Between them, they actually create a mutiny on their ship. There is a Court Martial. Lives are ruined. Willie gets off fairly unscathed and figures out his love life. He is stronger, more responsible, but still has a bunch of silly illusions.
The Caine Mutiny was a pretty good story, too long and I'm not really sure what the message was. It represents a huge leap in writing quality for Wouk and won him the Pulitzer Prize in 1952.
Moses, Sholem Asch, G P Putnam's Sons, 1951, 505 pp
I dreaded another dreary slog through a Sholem Asch book, but this one was his best and actually moved along very well. It is the story of the Exodus. (I'll be reading the Leon Uris version when I get to the 1959 list.) Asch follows the bible story closely, at least as I remember it, but adds enough Egyptian history to place the story in the world.
I was the most struck by the plight Moses faced. He took a people who had been slaves for generations and had to make them into a nation united with a common purpose. He had to teach them their destiny as God's chosen people, teach them discipline and righteousness, teach them what he felt was God's will. He also had the role of intervening between God and the people and convincing God to have mercy on the people when they were disobedient and went astray.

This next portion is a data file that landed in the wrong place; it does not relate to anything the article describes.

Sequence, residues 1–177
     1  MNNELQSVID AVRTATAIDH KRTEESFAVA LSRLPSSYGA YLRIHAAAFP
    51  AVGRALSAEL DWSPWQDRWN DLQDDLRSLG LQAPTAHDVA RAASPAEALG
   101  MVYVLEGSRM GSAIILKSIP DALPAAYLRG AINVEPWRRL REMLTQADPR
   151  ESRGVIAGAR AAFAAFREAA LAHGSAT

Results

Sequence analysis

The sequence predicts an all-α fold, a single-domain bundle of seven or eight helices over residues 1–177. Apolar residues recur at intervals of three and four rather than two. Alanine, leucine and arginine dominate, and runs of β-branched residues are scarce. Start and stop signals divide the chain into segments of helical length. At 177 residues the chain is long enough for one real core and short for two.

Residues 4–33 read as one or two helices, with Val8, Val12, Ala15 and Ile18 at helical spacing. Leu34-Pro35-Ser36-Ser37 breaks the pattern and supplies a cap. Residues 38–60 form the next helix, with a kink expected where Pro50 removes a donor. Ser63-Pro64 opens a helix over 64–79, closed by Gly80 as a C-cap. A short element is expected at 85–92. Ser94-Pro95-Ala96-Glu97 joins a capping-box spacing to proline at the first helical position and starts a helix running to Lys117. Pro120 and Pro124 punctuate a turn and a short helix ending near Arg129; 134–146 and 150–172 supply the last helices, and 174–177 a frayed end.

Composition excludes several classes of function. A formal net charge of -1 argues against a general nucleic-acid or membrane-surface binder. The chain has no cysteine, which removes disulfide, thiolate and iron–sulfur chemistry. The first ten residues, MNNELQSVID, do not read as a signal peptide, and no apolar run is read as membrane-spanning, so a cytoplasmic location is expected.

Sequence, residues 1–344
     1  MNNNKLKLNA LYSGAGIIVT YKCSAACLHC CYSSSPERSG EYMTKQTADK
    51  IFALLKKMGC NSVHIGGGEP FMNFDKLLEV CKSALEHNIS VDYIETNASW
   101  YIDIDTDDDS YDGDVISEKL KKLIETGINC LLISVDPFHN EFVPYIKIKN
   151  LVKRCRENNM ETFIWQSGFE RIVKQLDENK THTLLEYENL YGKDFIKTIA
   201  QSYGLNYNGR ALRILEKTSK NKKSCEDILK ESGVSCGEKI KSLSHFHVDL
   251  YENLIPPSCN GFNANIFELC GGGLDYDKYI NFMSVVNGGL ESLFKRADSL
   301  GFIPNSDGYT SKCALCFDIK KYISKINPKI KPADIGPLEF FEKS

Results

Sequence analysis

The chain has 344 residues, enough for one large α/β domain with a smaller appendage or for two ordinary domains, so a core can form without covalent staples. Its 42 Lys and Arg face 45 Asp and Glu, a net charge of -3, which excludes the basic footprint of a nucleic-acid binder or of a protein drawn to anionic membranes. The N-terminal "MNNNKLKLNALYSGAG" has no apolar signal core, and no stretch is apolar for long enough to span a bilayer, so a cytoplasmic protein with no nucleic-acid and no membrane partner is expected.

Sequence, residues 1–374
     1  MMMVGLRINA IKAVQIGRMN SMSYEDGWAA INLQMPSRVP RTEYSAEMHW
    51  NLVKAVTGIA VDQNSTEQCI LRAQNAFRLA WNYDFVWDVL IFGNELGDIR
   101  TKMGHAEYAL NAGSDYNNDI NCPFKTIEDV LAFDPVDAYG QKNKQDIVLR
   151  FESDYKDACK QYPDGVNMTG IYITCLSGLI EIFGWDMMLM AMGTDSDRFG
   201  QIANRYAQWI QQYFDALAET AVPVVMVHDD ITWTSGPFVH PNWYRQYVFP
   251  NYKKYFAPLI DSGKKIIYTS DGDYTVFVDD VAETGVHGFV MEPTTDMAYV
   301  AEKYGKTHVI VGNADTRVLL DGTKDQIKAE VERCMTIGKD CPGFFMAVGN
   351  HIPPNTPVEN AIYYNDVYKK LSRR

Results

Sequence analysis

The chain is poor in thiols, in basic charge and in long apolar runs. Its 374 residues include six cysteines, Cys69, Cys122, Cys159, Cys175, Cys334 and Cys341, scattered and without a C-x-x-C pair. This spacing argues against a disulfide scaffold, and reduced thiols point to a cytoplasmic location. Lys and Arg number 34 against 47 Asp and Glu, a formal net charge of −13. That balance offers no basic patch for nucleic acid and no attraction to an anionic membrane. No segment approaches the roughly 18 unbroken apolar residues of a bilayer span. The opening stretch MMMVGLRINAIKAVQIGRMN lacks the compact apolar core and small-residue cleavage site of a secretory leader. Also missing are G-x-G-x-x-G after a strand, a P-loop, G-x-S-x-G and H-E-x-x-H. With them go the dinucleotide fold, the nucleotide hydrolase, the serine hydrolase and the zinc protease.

As a child, learning this story in Sunday School, I did not grasp the many significances of the story. Who knows how much in this novel is Asch's interpretation? Since I have always been on some spiritual path in my life, I was intrigued by the concept of a group of people made responsible for mankind's destiny. That responsibility most assuredly sets such a group of people apart from the common, run-of-the-mill antics of human beings. It is a lot to ask and the big question is, would such a group ever achieve the goal of bringing all of mankind to a higher spiritual plane?
From my studies of religion, every different one has a version of that same goal. I think it is the dream of all people.
The Cardinal, Henry Morton Robinson
This book is a holdover from 1950, when it was #1. See my review in the post "BOOKS READ FROM 1950, PART ONE." I will just say here that this is one of three highly religious books on the bestseller list for 1951 which says much about the beginning of the decade.
A Woman Called Fancy, Frank Yerby, The Dial Press, 1951, 309 pp
Another Frank Yerby bestseller; #5 in 1951. I am not a fan of Frank Yerby.
Fancy is a poor girl from the Carolina hills who runs away to Augusta, Georgia in 1880. After escaping from lecherous men with her virtue intact, she falls for Courtland Brantley, son of an antebellum plantation family fallen on hard times. Court naturally is hopelessly in love with his brother's wife but he marries Fancy, who rises from her humble origins and helps Court make a fortune.
Improbable romantic historical fiction as usual for Yerby, though Fancy is a more rounded character than most of Yerby's heroines. He also gets in some good digs at racism and the treatment of Blacks in the South and the North.